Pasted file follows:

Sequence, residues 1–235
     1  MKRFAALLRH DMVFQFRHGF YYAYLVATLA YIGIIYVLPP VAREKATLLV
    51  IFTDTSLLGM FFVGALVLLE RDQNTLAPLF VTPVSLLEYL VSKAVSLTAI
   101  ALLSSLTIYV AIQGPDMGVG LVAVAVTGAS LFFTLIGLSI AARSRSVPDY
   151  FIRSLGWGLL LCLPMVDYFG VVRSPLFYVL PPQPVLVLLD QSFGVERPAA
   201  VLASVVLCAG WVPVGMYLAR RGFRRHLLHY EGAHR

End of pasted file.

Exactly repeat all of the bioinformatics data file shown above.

Sequence, residues 1–235
     1  MKRFAALLRH DMVFQFRHGF YYAYLVATLA YIGIIYVLPP VAREKATLLV
    51  IFTDTSLLGM FFVGALVLLE RDQNTLAPLF VTPVSLLEYL VSKAVSLTAI
   101  ALLSSLTIYV AIQGPDMGVG LVAVAVTGAS LFFTLIGLSI AARSRSVPDY
   151  FIRSLGWGLL LCLPMVDYFG VVRSPLFYVL PPQPVLVLLD QSFGVERPAA
   201  VLASVVLCAG WVPVGMYLAR RGFRRHLLHY EGAHR